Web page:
I've started back into writing slowly after my long break. I'm not currently doing a poem-a-day prompt, but working everyday on older poems. I'm editing those started on my last two month-long courses, focussing the language and intent. A few are ready to submit to journals, along with the pile of rejections that came in while I was away. I've noticed most American magazines seem to be on hiatus, but the British ones are still working on backlogs.
I'm also going through some of my old journals for details of poems I've had on the back burner because I couldn't remember what actually happened. It's lovely how they have jogged my memory and taken me back to those places and times. Little details I have forgotten or placed onto different scenes brought into firm focus. Unfortunately, I didn't write about everything. Moments that seem important now often didn't get mentioned in my journals at all, either because they didn't seem of consequence at the time or life just got in the way of writing. I've never been one for writing every day which would help to rebuild moments later.
I'm starting new poems on specific subjects that I decided I wanted to write about when I was travelling. I will start a new poetry course in August, so this seems to be a good way to get back into that more intensive work.
I finished reading Norman Bissell's Barnhill and it was a surprise as I bought it mostly on the connection with the place, rather than anything to do with George Orwell. I thought it would be more of a biography, but it's a biographical novel based on George Orwell's later years, especially those in connection with Jura and Barnhill and the writing of 1984. Less dry quoting of dates and details and more trying to capture the writer and his obsessions with writing, Jura and creating a strong family for his son.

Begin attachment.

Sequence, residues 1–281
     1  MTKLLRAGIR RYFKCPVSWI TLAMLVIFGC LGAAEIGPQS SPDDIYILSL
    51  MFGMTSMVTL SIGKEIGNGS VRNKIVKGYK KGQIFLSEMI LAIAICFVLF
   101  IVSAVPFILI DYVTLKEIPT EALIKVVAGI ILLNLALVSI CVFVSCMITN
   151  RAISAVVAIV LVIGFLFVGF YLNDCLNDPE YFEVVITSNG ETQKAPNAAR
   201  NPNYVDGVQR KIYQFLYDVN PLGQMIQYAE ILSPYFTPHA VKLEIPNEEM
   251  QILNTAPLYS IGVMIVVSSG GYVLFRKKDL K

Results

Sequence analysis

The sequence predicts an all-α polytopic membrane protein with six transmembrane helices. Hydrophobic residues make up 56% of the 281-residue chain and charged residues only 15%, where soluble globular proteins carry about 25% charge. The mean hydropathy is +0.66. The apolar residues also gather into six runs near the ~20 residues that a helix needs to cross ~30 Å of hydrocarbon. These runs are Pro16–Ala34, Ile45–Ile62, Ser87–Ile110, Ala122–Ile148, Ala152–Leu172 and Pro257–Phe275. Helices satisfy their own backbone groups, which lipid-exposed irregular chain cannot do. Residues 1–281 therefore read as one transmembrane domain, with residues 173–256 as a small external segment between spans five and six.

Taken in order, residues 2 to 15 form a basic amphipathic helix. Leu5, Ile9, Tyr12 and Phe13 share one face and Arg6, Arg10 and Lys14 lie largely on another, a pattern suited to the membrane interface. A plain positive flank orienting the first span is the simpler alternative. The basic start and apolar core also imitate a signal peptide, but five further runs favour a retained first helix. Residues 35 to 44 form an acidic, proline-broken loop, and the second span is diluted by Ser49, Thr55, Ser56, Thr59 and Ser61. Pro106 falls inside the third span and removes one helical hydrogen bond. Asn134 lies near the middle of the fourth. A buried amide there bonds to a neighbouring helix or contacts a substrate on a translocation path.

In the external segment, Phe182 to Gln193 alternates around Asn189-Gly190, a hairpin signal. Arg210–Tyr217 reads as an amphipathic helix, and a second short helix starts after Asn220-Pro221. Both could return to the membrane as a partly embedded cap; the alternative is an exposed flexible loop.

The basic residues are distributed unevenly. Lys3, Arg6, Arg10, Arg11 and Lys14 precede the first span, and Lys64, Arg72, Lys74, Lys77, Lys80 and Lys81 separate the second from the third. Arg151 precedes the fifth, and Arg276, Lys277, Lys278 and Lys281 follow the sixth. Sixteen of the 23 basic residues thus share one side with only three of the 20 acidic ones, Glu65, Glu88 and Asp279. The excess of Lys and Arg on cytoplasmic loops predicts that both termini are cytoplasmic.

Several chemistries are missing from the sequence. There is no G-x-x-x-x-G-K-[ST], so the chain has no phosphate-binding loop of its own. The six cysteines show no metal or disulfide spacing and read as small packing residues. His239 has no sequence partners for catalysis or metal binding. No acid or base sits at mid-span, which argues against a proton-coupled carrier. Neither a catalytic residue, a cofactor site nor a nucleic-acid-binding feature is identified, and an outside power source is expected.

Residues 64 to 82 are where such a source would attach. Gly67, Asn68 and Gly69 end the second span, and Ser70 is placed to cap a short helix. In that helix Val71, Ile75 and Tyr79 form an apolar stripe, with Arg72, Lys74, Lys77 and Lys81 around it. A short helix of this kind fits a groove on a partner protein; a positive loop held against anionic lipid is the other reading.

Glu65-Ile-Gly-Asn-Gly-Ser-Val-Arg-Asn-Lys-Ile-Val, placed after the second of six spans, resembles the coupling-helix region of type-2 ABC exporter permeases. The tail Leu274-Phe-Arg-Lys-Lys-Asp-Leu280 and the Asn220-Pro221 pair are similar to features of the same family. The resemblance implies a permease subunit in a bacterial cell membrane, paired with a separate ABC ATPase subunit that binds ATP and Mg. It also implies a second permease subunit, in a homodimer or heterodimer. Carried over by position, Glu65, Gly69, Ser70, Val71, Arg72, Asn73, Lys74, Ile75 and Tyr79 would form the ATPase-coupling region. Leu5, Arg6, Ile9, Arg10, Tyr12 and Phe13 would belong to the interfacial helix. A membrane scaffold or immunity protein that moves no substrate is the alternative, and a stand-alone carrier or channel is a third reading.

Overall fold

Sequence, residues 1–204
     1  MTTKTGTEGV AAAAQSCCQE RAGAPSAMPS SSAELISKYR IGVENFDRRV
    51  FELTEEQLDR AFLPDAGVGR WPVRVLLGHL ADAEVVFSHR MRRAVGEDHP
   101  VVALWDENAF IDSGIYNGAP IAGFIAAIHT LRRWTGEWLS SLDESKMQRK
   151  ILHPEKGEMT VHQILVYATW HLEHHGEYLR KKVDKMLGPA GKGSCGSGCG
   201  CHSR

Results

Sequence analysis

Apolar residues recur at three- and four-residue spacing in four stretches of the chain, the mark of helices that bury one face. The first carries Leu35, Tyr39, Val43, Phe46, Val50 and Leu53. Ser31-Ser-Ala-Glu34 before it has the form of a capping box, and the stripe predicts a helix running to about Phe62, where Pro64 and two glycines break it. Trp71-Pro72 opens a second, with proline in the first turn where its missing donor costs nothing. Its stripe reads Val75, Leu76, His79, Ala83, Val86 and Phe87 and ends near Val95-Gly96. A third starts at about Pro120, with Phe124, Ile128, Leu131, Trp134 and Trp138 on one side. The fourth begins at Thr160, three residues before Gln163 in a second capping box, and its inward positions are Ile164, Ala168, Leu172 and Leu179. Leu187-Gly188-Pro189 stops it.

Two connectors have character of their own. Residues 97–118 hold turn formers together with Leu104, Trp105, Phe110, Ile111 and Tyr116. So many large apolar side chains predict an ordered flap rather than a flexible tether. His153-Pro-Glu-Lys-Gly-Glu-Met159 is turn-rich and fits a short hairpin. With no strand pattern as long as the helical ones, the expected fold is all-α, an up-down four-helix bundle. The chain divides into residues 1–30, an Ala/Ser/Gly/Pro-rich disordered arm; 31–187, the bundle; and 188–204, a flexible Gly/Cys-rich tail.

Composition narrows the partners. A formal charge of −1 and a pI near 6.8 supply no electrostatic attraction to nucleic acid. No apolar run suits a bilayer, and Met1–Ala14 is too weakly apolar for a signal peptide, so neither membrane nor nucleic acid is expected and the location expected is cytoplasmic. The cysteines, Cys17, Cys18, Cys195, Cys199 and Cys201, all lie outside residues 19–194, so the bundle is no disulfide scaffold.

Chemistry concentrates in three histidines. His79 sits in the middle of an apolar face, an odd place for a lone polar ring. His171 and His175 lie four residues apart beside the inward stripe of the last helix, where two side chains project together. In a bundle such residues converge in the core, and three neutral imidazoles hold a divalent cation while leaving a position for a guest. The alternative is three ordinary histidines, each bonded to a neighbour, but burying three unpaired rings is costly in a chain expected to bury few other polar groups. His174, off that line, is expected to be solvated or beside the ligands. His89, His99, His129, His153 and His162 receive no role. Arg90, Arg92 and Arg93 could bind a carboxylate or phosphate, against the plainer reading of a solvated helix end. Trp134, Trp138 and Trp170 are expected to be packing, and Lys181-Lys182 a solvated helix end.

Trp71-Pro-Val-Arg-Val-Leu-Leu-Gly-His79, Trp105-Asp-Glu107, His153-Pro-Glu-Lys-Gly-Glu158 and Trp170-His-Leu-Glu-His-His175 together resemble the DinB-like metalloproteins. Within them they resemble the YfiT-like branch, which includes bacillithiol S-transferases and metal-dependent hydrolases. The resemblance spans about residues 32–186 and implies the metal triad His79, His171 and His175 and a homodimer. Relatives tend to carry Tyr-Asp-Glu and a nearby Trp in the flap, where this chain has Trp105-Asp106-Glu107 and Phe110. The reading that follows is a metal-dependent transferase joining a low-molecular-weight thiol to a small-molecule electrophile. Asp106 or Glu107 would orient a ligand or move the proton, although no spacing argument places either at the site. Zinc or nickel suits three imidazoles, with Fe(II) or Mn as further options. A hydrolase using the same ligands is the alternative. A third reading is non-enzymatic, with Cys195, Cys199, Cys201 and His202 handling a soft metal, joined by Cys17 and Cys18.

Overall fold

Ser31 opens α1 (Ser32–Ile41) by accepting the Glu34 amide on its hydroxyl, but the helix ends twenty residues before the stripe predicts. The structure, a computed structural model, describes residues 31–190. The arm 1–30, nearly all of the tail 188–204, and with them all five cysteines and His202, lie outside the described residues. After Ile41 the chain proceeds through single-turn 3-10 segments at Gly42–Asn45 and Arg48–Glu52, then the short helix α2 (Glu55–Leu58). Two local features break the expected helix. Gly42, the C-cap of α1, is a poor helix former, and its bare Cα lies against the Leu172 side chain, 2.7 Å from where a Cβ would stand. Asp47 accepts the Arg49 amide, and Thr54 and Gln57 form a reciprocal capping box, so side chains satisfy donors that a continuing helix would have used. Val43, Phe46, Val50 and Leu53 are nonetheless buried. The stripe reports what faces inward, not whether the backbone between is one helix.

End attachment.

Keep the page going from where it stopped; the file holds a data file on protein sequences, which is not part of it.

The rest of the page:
I knew very little of Orwell's life, so learning about his connection with the Spanish Civil War, his marital and other relations and his illness were all very intruiging. Bissell also included the point of view of Orwell's second wife Sonia Brownell whose voice unexpectantly pops up and gives the reader new insight. The book also illustrates how Orwell might have drawn details from his own experiences when writing 1984.
While Barnhill tries to stick strongly to the facts of Orwell's life and there is a list at the end of known details which contribute to the story, it's the scenes where Bissell allows himself to imagine Orwell that the man really comes alive for me, spending Hogmanay in Glasgow, his worries about finishing his book when he knows he's dying and the connections he had with his friends.
Though Bissell is a poet and director of the Scottish Centre for Geopoetics he doesn't get caught up in the romanticism of Jura and life alone there which must be difficult to do as I was overawed by the place when I visited. The attention to Orwell's physical life there, taking care of the garden and fixing machinery sometimes taken from entries in Orwell's journal feels very focussed and fits in with the George Orwell drawn in the novel. I could very well remember my journey down the 'Long Road' to get to Barnhill from Ardlussa as I read Bissell's description of cars and motorbikes breaking down while trying to get along it.
I could occasionally feel a modern voice of hindsight coming in which felt as if it wanted to make sure the reader could see how spot on George Orwell was in his predictions of Big Brother and his fears of government control. When they came from George's mouth they worked, felt in character, but sometimes the narrative pushed too much. But I have to admit with the way current media and politics is going, I would have found it hard to resist pointing out the connections as well. I recently reread 1984 and was gobsmacked about how much closer we were creeping towards Orwell's nightmare vision than when I first read it in 1984 in high school in America .
Overall, I enjoyed the book, it was informative, but it created a rounded and interesting view of Orwell's character and the time he was living in. The novel manages to illustrate the complexities of a difficult man who allowed little of his personal life to be seen by adding a greater depth to his novel masterpiece.